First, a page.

WHIM (warts, hypogammaglobulinemia, infections, myelokathexis) syndrome is a rare disease characterized by diverse symptoms indicative of aberrantly functioning immunity. It is caused by mutations in the chemokine receptor CXCR4, which impair its intracellular trafficking, leading to increased responsiveness to chemokine ligand and retention of neutrophils in bone marrow. Yet WHIM symptoms related to adaptive immunity, such as delayed IgG switching and impaired memory B-cell function, remain largely unexplained. We hypothesized that the WHIM-associated mutations in CXCR4 may affect the formation of immunologic synapses between T cells and antigen-presenting cells (APCs). We show that, in the presence of competing external chemokine signals, the stability of T-APC conjugates from patients with WHIM-mutant CXCR4 is disrupted as a result of impaired recruitment of the mutant receptor to the immunologic synapse. Using retrogenic mice that develop WHIM-mutant T cells, we show that WHIM-mutant CXCR4 inhibits the formation of long-lasting T-APC interactions in ex vivo lymph node slice time-lapse microscopy. These findings demonstrate that chemokine receptors can affect T-APC synapse stability and allow us to propose a novel mechanism that contributes to the adaptive immune response defects in WHIM patients.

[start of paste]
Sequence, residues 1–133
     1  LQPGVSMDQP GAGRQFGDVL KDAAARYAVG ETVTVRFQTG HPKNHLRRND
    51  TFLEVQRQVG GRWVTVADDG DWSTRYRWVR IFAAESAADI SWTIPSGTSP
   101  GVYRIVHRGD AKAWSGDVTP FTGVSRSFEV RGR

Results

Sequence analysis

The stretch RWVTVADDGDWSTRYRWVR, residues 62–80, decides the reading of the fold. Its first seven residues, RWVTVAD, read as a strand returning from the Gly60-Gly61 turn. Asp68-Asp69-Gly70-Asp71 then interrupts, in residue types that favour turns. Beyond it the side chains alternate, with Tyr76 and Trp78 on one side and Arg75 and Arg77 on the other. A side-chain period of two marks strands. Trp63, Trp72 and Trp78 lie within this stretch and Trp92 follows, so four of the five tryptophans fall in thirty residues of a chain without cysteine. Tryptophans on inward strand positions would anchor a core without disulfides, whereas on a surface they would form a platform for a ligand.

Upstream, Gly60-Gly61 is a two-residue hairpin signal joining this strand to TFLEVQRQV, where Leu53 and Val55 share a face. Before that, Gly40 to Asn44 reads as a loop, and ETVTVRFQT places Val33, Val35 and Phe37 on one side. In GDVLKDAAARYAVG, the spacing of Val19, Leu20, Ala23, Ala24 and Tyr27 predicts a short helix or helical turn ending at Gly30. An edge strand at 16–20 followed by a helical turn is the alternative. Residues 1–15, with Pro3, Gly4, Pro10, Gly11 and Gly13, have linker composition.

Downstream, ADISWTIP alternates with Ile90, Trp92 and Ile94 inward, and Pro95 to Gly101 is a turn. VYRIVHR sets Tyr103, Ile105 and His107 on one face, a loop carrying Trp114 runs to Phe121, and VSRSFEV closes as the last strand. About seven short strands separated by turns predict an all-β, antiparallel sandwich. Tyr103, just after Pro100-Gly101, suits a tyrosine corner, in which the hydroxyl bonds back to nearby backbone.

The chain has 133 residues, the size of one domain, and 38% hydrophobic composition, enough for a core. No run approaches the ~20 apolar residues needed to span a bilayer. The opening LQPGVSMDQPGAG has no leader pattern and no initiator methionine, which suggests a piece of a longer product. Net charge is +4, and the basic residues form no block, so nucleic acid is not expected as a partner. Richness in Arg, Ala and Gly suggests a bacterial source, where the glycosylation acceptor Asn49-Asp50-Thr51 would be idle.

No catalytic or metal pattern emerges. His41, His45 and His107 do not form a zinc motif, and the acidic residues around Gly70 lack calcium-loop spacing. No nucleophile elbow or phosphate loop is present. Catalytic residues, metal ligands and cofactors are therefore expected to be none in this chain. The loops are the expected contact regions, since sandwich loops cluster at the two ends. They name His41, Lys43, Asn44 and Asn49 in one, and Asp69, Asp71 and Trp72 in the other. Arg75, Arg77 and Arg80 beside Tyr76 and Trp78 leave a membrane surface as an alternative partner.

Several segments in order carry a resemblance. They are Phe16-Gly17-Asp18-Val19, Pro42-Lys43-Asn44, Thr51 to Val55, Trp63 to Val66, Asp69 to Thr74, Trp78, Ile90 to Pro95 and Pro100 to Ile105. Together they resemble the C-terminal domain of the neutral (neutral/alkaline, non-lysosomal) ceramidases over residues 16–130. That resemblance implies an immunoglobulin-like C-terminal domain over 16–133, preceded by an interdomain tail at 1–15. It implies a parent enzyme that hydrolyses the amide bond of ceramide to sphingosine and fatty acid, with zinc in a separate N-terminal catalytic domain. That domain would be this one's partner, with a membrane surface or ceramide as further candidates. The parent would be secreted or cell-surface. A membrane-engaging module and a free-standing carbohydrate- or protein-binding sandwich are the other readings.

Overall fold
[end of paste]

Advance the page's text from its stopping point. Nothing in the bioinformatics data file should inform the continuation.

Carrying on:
ASJC Scopus subject areas
- Cell Biology